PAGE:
Stage Name Mystique

Greek Bonfire

Well-known member
Stage names: many of us have them. Most dancers take on Arabic names while others take on Gypsy, Turkish, Greek, Hungarian, etc. What do you say to people when they ask you if you really are that nationality? You want to keep the mystique without downright lying, so how do you answer?
 

Safran

New member
I have only gotten the nationality question once, in Egypt (apparently a family in the audience had made a bet who can guess where I'm from. Options were Russian, English or Egyptian. I was sad to tell them that they all lost :D). However, when being asked if Safran is my "civil" name, I always tell the truth. Besides, the studio/agency where I am working in now, we have a tendency to present the stage name and "civil" name together.
 

Greek Bonfire

Well-known member
I have noticed that if a dancer has an Arab stage name, no one will ask her if she's Middle Eastern, but if they use a Greek, Turkish, Russian, etc. name, they get questions about that nationality left and right. I am not just one nationality, so I say "I am everything" and even something similar to Shanazal where I say "When I'm onstage, I am Fotia 100%" and then they look at me like what??? But I really don't want to get into all that; I'd rather just like to keep it simple.
 

Zorba

"The Veiled Male"
"I'm a FAKE Greek." is what I tell people. I love Greece and all things Greek, but I'm a Euro-mutt. Anything/everything EXCEPT Greek. I kinda adopted the whole thing, if that makes any sense...

It helps that I can speak enough Greek to be dangerous.
 

Duvet

Member
I've never claimed to be anything other than an Englishman.

My stagename does not conjure up images of mystique or excoticism, but I have still been asked if I'm Arabic/Egyptian. I think that is fueled by curiosity - the quest to understand or accept why a bloke would be bellydancing; one answer being, "Well, he must come from that country, so it must be part of his culture". As it isn't part of my culture, and I'm aware of the surprise that a male bellydancer can be met with, I'm happy to spread the word that Middle Eastern dance is not the exclusive preserve of Middle Eastern women (whether those women are really Middle Eastern, or pretend).

But then I'm not a professional, so destroying that mystique won't loose me any gigs or fans!
 

Roshanna

New member
I have been asked where I'm from quite a few times lately whilst 'on the job' - I always just answer truthfully. I'm originally from the southwest of England and still have a bit of a pirate/farmer accent, so nobody is likely to believe I'm Arabic once I open my mouth in any case ;)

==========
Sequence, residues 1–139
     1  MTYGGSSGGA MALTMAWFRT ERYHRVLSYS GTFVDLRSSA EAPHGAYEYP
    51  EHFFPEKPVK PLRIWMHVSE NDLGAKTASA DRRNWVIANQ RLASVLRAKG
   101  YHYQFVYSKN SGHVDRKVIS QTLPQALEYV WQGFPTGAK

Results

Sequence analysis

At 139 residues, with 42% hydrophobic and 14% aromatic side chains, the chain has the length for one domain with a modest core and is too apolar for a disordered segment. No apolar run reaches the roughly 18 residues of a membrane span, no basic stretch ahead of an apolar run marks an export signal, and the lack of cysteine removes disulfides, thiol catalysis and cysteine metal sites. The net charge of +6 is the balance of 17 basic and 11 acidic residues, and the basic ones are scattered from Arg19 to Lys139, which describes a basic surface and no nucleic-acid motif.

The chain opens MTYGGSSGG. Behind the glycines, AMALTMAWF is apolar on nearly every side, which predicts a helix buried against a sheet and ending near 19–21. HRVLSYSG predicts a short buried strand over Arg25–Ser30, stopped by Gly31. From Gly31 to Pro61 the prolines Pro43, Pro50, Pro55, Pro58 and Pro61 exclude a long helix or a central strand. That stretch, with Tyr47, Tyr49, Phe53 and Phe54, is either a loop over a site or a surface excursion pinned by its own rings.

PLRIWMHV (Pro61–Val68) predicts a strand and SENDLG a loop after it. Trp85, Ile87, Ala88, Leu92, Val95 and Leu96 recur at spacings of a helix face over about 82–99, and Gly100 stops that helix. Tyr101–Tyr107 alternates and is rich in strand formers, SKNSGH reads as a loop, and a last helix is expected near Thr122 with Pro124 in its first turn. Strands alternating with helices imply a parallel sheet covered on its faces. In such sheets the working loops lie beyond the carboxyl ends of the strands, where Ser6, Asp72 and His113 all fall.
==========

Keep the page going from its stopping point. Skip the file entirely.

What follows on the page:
A while ago one of the staff at a Lebanese restaurant asked where I was from, and was then quite impressed that I'd taken the time & effort to learn Arabic dance when I wasn't an Arab. So I don't see it as something to hide.
 

khanjar

New member
I have been asked where I'm from quite a few times lately whilst 'on the job' - I always just answer truthfully. I'm originally from the southwest of England and still have a bit of a pirate/farmer accent, so nobody is likely to believe I'm Arabic once I open my mouth in any case ;)

A while ago one of the staff at a Lebanese restaurant asked where I was from, and was then quite impressed that I'd taken the time & effort to learn Arabic dance when I wasn't an Arab. So I don't see it as something to hide.
Ah from the South West eh, but that would figure, those born here as soon as they can move up country as the rest of the country comes down here to live.
 

Duvet

Member
So thats three bellydancers in a row with a strong South-West connection. Can't think of a suitable catch line to that, but its interesting.
 

Nejmeh

New member
My answer is the same as in normal live, from Friesland(a rural province from the netherlands, my moms side is from there and I was born and raised there) That is where I am from, if someone asks what my decent is I am willing to tell (though sometimes I say Israel instead of Palestine, just not to get in a big discussion)
 

Munniko

New member
I think if I decide to perform professionally I will either use a stage name or my full first name because well what I go by now doesn't sound like a person you'd go to see dance. If anyone asked about my decent I would tell them honestly:lol: but most of the time that doesn't happen they just assume I'm white or sometimes Hispanic depending on the season and let that be.
 

SidraK

New member
I'm a pasty, green-eyed ginger, so I can't imagine that anyone would assume me to be from the ME or Mediterranean. While Sidra is a fairly generic name (I'm told that it has a Latin root, meaning shimmering or starlike, and therefore common meaning in several languages from the region), I also have the option of saying that I chose it because it's Spanish for cider...and I really like cider!